Q & A with ValueMyStuff's Coins expert
ValueMyStuff sat down with our antique coins specialist, Charles Riley, for a Q&A. Learn more about why Charles continues to love antique coins and get insight into a specialist's valuation.
How did you become an expert in valuing coins and commemorative medals?
I have had an interest in old coins since I was six, and became a ‘schoolboy collector’. On completing a French degree I joined Phillips auctioneers in London’s New Bond Street as a porter. After a few months I joined the coin department there (which for historical reasons was called Glendining’s) as a junior cataloguer. This was a wonderful learning curve for me during which time I saw and handled a vast array of different numismatic material, including coins of all periods and countries. One of the highlights was cataloguing the Reigate Hoard of 15th century coins: I had to catalogue over six thousand silver coins in just two weeks! Books are all very well as background reading, but there’s no substitute for hands-on experience. After some years I joined Baldwin’s, the coin dealers, who were about to start holding their own auctions. Working there gave me better experience of the international side of the numismatic business with trips to the Middle East, Far East and America, as well as greater exposure to the continental European trade. Since 2005 I have been working for myself and thoroughly enjoy it – no two days are ever the same.
Is the market different between the three areas of coins, medals and banknotes, are there different types of collectors?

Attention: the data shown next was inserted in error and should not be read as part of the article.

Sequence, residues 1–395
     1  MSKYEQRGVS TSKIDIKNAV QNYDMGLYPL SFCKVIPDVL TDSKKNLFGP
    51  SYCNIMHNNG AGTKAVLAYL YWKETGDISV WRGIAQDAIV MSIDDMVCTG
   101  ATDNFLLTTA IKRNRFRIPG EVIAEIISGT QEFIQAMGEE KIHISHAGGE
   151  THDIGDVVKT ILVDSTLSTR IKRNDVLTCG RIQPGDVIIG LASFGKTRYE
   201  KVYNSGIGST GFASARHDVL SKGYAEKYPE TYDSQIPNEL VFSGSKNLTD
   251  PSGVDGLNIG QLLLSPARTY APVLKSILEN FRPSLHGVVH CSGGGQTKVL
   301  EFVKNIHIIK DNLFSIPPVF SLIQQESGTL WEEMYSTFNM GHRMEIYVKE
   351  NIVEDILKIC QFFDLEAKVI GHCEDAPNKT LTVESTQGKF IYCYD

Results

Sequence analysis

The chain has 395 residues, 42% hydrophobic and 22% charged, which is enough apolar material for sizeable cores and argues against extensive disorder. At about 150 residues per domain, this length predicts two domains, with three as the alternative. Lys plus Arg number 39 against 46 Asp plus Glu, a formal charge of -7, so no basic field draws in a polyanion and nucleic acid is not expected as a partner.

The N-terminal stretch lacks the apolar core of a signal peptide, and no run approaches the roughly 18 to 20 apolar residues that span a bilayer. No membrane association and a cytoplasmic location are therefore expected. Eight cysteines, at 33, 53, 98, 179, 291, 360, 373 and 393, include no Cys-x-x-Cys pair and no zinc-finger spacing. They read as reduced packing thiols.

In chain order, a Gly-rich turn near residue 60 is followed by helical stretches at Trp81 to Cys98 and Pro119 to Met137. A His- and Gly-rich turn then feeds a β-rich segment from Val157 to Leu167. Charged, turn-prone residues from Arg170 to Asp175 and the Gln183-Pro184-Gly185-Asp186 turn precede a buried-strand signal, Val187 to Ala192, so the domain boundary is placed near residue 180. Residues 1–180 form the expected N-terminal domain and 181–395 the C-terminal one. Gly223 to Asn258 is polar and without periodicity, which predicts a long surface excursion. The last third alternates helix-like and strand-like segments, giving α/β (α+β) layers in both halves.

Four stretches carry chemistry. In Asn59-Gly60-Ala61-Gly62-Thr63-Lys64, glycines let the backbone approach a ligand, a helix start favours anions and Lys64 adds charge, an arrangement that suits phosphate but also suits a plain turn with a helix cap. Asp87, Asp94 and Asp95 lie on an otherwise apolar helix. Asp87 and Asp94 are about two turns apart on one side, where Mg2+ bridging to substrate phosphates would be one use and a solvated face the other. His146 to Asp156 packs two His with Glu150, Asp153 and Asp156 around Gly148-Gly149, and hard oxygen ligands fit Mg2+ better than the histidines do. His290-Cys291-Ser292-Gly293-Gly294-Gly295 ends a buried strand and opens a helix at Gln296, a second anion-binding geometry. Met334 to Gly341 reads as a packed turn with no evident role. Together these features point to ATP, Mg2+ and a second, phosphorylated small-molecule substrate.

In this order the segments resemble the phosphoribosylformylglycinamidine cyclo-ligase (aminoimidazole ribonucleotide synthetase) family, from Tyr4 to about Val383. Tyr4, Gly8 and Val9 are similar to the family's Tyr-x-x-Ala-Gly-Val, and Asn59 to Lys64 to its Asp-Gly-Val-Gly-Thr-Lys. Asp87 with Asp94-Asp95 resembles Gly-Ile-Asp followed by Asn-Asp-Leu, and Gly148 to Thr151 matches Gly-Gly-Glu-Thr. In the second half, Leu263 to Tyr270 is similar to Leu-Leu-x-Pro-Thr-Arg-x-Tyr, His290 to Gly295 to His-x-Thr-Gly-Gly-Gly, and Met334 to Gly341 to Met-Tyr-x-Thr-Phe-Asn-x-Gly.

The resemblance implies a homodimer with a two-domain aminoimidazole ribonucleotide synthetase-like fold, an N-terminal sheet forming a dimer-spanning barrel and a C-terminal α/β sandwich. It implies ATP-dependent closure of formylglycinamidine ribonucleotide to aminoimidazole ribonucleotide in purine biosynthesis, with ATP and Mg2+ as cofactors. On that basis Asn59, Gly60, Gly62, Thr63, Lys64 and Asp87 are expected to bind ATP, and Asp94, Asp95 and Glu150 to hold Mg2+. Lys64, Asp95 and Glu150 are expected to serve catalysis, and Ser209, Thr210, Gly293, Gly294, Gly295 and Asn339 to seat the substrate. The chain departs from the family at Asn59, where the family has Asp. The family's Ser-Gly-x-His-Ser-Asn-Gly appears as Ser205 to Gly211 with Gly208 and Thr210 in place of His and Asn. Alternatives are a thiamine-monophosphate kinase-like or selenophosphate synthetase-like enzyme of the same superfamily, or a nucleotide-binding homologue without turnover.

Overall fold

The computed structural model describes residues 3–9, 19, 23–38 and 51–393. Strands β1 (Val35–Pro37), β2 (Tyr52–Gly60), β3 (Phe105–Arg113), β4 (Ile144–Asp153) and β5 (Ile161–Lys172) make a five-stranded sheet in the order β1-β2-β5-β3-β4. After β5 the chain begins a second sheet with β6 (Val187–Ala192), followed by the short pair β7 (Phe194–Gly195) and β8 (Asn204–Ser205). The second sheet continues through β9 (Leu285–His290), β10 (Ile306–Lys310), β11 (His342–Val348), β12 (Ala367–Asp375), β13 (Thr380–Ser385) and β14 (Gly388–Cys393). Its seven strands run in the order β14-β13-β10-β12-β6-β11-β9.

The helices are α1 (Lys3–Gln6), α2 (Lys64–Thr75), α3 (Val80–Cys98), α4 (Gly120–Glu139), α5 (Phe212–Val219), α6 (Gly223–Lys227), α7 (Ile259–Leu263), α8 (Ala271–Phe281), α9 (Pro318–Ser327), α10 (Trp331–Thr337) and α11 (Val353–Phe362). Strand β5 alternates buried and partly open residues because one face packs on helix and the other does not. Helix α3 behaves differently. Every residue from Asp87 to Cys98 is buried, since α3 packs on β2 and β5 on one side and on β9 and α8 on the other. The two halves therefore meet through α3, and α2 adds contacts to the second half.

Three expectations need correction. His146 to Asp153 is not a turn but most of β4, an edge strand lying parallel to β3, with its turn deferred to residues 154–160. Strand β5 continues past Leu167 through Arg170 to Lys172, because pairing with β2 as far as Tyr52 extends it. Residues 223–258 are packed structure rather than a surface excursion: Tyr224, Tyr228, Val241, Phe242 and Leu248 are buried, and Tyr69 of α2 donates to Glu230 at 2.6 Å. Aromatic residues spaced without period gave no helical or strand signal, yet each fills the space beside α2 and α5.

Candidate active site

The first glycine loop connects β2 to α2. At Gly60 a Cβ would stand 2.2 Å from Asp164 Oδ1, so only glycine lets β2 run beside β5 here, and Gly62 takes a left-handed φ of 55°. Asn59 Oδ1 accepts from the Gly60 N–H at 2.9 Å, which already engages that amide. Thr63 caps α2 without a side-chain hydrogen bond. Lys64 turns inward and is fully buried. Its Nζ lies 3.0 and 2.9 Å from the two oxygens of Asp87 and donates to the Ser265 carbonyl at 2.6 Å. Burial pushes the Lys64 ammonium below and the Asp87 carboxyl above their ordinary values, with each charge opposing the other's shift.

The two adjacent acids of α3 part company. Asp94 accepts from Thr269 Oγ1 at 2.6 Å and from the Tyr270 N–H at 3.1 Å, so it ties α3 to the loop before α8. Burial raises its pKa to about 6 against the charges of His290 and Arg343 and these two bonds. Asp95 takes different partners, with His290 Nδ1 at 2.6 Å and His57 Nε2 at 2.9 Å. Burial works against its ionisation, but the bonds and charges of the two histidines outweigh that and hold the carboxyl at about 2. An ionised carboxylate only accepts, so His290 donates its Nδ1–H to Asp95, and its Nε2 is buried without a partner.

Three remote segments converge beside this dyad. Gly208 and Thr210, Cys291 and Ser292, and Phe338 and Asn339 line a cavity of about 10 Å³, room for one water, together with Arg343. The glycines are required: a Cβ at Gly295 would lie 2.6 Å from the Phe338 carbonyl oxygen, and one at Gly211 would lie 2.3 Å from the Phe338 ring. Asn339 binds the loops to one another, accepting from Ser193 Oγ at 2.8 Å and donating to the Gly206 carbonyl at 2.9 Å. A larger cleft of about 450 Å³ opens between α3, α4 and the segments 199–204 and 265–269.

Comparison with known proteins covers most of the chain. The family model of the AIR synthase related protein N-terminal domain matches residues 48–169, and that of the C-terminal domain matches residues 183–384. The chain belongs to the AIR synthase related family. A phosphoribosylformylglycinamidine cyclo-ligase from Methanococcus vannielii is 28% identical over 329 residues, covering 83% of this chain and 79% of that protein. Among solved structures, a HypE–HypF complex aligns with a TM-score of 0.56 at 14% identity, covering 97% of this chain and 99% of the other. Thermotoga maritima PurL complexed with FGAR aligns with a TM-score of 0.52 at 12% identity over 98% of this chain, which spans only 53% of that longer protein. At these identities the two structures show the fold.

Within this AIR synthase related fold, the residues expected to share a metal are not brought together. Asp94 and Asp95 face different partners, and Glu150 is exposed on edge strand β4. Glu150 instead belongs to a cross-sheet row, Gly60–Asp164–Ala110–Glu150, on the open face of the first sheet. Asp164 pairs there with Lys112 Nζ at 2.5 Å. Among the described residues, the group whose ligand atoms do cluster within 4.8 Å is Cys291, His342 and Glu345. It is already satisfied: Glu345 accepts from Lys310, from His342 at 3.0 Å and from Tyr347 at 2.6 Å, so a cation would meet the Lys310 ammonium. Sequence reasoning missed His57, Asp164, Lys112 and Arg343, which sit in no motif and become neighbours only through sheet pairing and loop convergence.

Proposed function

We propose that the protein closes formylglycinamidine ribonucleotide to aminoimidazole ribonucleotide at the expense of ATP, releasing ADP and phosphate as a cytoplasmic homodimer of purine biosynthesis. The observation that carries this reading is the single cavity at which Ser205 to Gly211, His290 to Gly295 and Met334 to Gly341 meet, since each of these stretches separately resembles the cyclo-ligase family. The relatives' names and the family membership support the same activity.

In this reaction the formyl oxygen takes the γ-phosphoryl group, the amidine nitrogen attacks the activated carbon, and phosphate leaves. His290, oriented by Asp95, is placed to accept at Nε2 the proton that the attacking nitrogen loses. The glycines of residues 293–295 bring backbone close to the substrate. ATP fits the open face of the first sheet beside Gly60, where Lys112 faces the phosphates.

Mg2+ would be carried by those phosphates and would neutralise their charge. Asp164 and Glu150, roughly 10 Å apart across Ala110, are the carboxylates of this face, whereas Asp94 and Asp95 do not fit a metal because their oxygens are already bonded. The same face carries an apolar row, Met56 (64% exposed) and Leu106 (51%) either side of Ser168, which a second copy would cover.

A strong interest in history is probably a unifying factor between collectors in all three disciplines. Coin collectors aspire to acquire the best specimen they can afford of any given coin within their field of interest, to build up a type collection of all coins issued by a dynasty or a given country over a period of time. In doing so they learn about the artistic tastes, religious beliefs, economic swings, wars and numerous other aspects affecting that country. Also, since coins were first issued circa 600 BC, collectors can own coins of great antiquity and ponder the type of people and culture which first used them.
Collectors of commemorative medals have historical events and personages depicted directly on the medals, but in addition they often enjoy the skilful artistry of the medals themselves: medals are often referred to as ‘sculpture in miniature’. The collecting fraternity for these medals is numerically much smaller – it’s a bit of a niche market – but an immensely rewarding one, and also remarkably good value. Commemorative medals shouldn’t be confused with the military medals worn on a soldier’s chest: that is an entirely different collecting field altogether.